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Purists may have additional definitions. "I value the zine's connection to anarchic-punk, DIY values," says Jenna Freedman, a self-professed "zine snob," who makes Lower East Side Librarian and curates Barnard's zine library. She prizes activism-oriented zines like Shotgun Seamstress, which explores the intersections of racial and sexual identity; or Functionally Ill, in which a woman identified only as Laura-Marie records, among other things, the voices she hears during bipolar disorder–associated mania. Though the new wave of zines is less esoteric, Freedman still sees something subversive in it. "This new phenomenon among mainstream journalists could certainly come out of that DIY sensibility," she says. "Maybe they're not doing their own binding, but they are saying 'I don't want an editor I have something to say and I want it to go out unmediated.'"
The first zines appeared in the 1930s, when science fiction enthusiasts began to self-publish and trade their own volumes of fan fiction. These were called "fan magazines," shortened to fanzines. Fanzines found renewed popularity in the '70s and '80s in the underground punk scene, where followers of various bands would sell their homemade 'tribute' publications usually black-and-white photocopies stapled together at shows. In the '90s, feminism and punk converged in some counter-culture communities, creating a third-wave feminism movement named for the first zine to identify it: Riot Grrrl, associated with bands such as Bratmobile, Sleater-Kinney and Bikini Kill. The zines of that era used the machismo and swagger of hardcore to spotlight feminine steeliness in the face of misogyny.
"There was a sense of putting out unpolished writing that was thrilling," says Johanna Fateman, who first made a riot grrrl zine called Snarla with her best friend from high school, the filmmaker and writer Miranda July, while living in Portland, Ore. in 1991. (After Fateman gave a copy of Snarla to Bikini Kill frontwoman Kathleen Hanna after a show, the two became friends and later founded the band Le Tigre). "There were no rules: we went freely between prose and poetry and collage. There were no censors."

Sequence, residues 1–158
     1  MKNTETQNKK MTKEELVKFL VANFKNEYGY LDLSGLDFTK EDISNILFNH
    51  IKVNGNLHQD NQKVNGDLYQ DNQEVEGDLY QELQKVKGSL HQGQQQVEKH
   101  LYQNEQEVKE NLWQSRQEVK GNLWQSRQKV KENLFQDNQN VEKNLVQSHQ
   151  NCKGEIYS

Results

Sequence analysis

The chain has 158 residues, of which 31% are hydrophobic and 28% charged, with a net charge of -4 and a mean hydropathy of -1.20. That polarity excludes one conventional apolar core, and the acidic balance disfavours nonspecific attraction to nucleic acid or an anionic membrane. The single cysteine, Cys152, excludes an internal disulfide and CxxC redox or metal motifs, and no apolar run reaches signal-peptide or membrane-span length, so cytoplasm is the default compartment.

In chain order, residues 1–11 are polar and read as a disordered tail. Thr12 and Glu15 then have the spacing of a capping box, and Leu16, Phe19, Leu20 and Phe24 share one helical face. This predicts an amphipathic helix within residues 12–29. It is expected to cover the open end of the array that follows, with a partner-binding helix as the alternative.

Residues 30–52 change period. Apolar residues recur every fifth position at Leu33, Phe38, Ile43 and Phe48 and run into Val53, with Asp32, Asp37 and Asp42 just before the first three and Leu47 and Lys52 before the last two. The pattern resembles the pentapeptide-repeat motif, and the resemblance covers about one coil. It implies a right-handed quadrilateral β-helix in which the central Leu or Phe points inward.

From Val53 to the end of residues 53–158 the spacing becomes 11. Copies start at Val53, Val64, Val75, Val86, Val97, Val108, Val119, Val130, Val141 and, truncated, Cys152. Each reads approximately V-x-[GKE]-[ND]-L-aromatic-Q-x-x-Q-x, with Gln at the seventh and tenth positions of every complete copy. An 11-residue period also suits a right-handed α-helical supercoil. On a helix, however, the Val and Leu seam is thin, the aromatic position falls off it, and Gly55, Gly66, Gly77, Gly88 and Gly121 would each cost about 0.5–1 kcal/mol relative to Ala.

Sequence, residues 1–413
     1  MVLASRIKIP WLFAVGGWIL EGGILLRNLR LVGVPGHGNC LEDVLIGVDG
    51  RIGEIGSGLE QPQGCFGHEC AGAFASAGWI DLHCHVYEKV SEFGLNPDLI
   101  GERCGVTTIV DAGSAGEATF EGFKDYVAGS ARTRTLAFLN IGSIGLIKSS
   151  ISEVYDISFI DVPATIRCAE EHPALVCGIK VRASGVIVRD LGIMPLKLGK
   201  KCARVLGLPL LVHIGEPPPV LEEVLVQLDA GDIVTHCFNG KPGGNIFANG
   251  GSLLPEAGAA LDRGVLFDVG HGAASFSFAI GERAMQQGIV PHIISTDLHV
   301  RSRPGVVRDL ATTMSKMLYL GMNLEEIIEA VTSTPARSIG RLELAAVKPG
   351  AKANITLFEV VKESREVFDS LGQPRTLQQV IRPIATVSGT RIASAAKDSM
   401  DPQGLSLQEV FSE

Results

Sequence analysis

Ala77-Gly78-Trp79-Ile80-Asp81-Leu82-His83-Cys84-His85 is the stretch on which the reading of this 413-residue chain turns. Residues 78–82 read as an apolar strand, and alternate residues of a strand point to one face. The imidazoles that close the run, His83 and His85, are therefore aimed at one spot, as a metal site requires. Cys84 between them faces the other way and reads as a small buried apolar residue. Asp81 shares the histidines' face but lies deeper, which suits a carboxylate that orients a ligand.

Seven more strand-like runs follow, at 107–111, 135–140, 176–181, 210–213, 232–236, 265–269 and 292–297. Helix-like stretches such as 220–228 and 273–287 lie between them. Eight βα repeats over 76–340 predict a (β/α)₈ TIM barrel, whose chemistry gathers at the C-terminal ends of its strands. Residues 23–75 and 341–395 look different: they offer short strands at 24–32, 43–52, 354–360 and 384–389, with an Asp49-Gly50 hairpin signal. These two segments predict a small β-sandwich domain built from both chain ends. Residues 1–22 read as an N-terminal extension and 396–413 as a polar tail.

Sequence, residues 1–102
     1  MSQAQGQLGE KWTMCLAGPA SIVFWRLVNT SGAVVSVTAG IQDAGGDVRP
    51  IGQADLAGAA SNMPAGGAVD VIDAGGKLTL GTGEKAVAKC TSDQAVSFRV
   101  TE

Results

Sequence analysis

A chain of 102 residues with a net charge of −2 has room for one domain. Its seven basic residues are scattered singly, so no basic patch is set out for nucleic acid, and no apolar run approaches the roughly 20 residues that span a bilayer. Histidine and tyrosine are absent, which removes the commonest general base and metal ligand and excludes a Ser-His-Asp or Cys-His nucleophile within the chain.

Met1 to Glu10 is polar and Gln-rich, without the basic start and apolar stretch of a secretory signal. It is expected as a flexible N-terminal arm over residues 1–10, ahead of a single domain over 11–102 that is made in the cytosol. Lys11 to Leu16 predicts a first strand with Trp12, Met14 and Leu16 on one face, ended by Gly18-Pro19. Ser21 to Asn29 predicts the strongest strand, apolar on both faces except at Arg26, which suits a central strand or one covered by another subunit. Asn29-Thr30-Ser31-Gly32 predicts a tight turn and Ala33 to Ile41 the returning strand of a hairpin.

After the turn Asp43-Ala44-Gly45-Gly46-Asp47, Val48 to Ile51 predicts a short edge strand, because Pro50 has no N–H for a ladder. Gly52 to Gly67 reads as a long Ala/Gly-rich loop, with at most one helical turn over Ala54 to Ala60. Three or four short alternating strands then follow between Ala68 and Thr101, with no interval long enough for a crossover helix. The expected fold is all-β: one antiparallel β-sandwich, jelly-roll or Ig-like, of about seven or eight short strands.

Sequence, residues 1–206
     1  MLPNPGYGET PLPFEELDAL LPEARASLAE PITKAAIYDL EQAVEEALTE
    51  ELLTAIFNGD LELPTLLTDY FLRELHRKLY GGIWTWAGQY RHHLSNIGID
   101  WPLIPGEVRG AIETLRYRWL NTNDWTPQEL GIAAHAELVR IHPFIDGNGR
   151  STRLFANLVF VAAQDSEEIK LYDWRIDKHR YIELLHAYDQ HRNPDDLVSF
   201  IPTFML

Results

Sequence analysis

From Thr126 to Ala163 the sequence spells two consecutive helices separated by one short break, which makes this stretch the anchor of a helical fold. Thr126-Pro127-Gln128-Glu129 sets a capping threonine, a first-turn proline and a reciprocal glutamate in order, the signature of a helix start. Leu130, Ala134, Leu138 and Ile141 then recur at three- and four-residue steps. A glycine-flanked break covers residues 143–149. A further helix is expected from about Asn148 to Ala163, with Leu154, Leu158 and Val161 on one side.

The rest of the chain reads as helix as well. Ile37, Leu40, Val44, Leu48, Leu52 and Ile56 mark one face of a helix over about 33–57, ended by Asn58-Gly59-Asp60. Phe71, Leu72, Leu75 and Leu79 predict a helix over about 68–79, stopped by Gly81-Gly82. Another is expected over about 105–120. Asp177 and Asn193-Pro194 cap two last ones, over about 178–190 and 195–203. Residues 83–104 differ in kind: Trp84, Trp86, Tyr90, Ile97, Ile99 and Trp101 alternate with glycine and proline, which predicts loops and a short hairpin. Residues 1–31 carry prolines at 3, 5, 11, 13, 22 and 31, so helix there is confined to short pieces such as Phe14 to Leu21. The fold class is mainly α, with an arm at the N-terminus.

That freedom often fostered a confessional, stream-of-consciousness style that now looks like a forerunner of personal blogging. A crucial difference is that a post on the Internet can go viral, quickly leaving the relative safety of a dedicated readership for the digital echo chamber. But to criticize a zine, you have to take the time to write the creator a letter and you have to have found the zine in the first place. Attendees at the Girl Crush party, who paid $10 for the zine, were of a type; the party was advertised on the contributors' blogs and via Facebook, and the people who attended already knew what a Girl Crush was. Many of them were writers themselves and understood the importance of having a place to try something new. In "Say Anything," Jenna Wortham chronicles her former infatuations and, in a few swift paragraphs, reveals nothing less than how she became herself, taking us from ages 9 to 23. In "Five Recipes for Your Girl Crush," Nozlee Samadzadeh describes her crush on novelist Emma Straub through the brunch she cooked in Straub's honor. Amanda Fortini's ode to Janet Malcolm reveals the excruciating awkwardness of meeting someone with whom you already have a relationship but only through her work.
Not all of the essays in Girl Crush are as successful, but even the lesser contributions offer a privileged glimpse not often seen in more mainstream publications of thoughts as they are actually developed: not just the whittled, well-presented thesis, but the entire messy thing. Recalling what she loved about making the influential zine Chickfactor, music journalist Gail O'Hara describes how different it was from her day job at Spin: "The words were in context. It wasn't, 'Here's my story of what happened when I went to interview Guided By Voices.' It was, 'This is what they actually said. Here's the whole conversation.'"